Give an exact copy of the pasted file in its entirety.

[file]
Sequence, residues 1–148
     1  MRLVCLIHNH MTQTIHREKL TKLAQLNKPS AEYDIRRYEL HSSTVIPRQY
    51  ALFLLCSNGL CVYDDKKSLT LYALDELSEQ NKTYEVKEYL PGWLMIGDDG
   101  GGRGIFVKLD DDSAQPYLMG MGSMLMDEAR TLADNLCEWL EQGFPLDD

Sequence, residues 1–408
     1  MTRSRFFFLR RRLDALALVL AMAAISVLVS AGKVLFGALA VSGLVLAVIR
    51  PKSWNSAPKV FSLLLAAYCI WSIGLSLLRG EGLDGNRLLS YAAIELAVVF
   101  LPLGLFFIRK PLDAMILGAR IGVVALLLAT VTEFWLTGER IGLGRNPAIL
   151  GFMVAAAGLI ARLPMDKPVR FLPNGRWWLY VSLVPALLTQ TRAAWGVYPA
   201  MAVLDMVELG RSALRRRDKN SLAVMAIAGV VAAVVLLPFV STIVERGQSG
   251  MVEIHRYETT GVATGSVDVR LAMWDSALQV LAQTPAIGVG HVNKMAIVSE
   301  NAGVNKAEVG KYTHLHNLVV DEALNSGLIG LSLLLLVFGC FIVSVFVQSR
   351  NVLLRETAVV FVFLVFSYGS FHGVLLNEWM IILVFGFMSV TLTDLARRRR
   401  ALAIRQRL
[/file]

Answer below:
Sequence, residues 1–148
     1  MRLVCLIHNH MTQTIHREKL TKLAQLNKPS AEYDIRRYEL HSSTVIPRQY
    51  ALFLLCSNGL CVYDDKKSLT LYALDELSEQ NKTYEVKEYL PGWLMIGDDG
   101  GGRGIFVKLD DDSAQPYLMG MGSMLMDEAR TLADNLCEWL EQGFPLDD

Sequence, residues 1–408
     1  MTRSRFFFLR RRLDALALVL AMAAISVLVS AGKVLFGALA VSGLVLAVIR
    51  PKSWNSAPKV FSLLLAAYCI WSIGLSLLRG EGLDGNRLLS YAAIELAVVF
   101  LPLGLFFIRK PLDAMILGAR IGVVALLLAT VTEFWLTGER IGLGRNPAIL
   151  GFMVAAAGLI ARLPMDKPVR FLPNGRWWLY VSLVPALLTQ TRAAWGVYPA
   201  MAVLDMVELG RSALRRRDKN SLAVMAIAGV VAAVVLLPFV STIVERGQSG
   251  MVEIHRYETT GVATGSVDVR LAMWDSALQV LAQTPAIGVG HVNKMAIVSE
   301  NAGVNKAEVG KYTHLHNLVV DEALNSGLIG LSLLLLVFGC FIVSVFVQSR
   351  NVLLRETAVV FVFLVFSYGS FHGVLLNEWM IILVFGFMSV TLTDLARRRR
   401  ALAIRQRL